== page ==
I am frequently asked how much child support I will receive in a divorce proceeding. In Ohio, child support is based upon a formulaic calculation which takes into consideration a number of factors, including each spouse’s gross income, local taxes, daycare expenses, and the cost to provide healthcare by one party or the other for the benefit of the children. The formula is used in all cases where combined income is $150,000 or less. When combined income is over that amount, the amount of child support is discretionary with the court.
Either party can asked for a deviation from the child support guideline amount, whether it be an increased amount or a lesser amount. There are many factors that the court would consider, including the family’s overall expense structure, extra-ordinary expenses associated with a child or children such as medical expenses or private schooling, or other factors which might make the formulaic income number inaccurate.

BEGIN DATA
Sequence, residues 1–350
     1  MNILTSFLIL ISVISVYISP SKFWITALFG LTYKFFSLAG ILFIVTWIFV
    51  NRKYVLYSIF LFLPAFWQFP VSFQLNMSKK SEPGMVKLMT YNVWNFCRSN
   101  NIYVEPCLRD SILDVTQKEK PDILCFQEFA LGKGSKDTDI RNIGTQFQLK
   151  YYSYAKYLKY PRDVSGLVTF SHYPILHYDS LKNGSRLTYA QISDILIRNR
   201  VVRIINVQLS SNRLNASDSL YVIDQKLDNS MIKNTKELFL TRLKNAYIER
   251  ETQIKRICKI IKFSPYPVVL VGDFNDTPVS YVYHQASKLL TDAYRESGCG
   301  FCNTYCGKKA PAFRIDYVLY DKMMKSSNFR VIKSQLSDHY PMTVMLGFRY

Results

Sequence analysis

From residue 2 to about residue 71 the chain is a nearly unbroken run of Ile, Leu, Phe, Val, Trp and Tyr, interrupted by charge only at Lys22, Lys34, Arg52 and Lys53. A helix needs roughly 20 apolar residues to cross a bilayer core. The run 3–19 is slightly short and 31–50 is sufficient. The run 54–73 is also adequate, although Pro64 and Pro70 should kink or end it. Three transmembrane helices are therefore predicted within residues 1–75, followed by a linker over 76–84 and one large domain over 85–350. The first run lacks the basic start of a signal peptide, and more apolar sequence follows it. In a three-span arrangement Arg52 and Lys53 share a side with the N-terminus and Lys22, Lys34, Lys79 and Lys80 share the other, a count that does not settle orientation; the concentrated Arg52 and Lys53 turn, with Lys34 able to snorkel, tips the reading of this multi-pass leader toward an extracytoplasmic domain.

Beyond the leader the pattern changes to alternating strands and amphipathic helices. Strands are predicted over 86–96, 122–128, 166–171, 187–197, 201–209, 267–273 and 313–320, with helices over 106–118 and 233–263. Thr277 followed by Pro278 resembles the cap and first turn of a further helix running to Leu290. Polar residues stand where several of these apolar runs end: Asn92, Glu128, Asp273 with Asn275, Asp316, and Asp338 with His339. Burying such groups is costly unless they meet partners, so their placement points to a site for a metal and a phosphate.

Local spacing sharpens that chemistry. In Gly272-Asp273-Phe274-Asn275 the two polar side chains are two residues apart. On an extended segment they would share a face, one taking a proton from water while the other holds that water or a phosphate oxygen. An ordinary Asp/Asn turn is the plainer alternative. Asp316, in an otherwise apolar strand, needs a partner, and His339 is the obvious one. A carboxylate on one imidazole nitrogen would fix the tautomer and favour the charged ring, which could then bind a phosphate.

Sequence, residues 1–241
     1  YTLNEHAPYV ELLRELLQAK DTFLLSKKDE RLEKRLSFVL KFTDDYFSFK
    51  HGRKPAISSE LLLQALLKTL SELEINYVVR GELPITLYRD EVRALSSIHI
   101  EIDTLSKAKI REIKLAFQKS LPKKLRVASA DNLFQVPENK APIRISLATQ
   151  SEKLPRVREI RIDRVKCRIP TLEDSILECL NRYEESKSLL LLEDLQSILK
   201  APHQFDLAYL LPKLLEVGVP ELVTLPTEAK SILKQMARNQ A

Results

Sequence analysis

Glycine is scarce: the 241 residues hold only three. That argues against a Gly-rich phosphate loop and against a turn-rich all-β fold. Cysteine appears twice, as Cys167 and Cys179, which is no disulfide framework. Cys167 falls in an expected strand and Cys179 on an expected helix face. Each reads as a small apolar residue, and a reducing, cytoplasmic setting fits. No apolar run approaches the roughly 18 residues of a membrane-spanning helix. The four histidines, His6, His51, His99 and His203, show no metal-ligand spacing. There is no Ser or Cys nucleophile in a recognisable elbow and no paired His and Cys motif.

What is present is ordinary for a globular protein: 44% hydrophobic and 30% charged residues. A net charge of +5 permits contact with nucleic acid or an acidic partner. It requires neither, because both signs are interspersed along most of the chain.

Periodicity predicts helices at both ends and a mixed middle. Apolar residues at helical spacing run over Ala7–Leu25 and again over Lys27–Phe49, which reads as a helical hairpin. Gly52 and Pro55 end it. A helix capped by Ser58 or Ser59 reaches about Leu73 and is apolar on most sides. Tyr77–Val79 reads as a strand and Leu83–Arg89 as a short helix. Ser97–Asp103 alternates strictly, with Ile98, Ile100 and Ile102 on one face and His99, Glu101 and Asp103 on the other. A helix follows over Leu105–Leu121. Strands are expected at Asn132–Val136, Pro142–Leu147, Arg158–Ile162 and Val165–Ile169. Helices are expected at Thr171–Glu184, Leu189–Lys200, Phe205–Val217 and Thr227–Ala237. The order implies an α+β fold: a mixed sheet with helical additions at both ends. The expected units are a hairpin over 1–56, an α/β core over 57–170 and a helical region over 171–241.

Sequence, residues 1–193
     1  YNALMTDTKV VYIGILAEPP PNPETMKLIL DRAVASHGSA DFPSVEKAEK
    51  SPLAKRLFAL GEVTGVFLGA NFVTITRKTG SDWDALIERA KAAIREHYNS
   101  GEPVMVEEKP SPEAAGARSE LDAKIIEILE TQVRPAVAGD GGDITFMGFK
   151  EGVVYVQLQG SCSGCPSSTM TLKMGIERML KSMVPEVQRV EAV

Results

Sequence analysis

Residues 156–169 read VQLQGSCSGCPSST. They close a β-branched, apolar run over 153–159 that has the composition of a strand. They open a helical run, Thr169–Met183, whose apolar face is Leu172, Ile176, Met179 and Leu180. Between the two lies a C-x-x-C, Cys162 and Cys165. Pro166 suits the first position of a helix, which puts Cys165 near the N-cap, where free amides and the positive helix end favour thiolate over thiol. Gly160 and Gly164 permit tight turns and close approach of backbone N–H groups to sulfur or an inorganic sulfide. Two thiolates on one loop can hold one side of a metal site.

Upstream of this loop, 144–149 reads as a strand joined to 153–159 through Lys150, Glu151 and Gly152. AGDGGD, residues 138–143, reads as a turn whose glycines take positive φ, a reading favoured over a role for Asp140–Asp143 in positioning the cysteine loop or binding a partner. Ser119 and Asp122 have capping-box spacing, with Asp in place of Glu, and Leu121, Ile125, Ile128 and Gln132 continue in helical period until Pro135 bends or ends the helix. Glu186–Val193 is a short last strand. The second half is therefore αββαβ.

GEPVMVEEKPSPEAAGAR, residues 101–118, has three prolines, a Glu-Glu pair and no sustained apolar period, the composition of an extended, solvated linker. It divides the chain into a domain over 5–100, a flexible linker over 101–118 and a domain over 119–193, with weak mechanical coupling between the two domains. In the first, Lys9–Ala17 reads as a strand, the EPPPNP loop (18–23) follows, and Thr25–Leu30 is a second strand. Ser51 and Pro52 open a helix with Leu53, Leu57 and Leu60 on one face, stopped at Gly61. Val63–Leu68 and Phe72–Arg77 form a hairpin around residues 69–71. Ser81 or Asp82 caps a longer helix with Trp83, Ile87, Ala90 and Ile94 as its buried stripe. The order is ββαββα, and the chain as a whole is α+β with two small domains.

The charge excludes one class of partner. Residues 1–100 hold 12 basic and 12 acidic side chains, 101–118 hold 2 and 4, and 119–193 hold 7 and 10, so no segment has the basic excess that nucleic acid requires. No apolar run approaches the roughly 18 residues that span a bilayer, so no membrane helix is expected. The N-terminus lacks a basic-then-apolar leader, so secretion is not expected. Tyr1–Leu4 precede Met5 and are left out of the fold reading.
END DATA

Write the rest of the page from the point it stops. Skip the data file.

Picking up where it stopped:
Under Ohio law, child support continues until the child turns eighteen (18) years of age and graduates from high school, but no longer than nineteen (19) years of age. By law child support is deducted directed from the payor’s pay check, and the employer then sends the money to Columbus, and thereafter the money is sent to the payee.
Child support can be modified in the future if there is a change in the financial circumstances of the parties. The law requires a ten percent (10%) change in the court-ordered support before support can be modified.
This article is for general informational purposes only, is not for the purpose of providing legal advice, and does not establish an attorney-client relationship. You should consult with an attorney to obtain advice as to your particular issue or circumstances.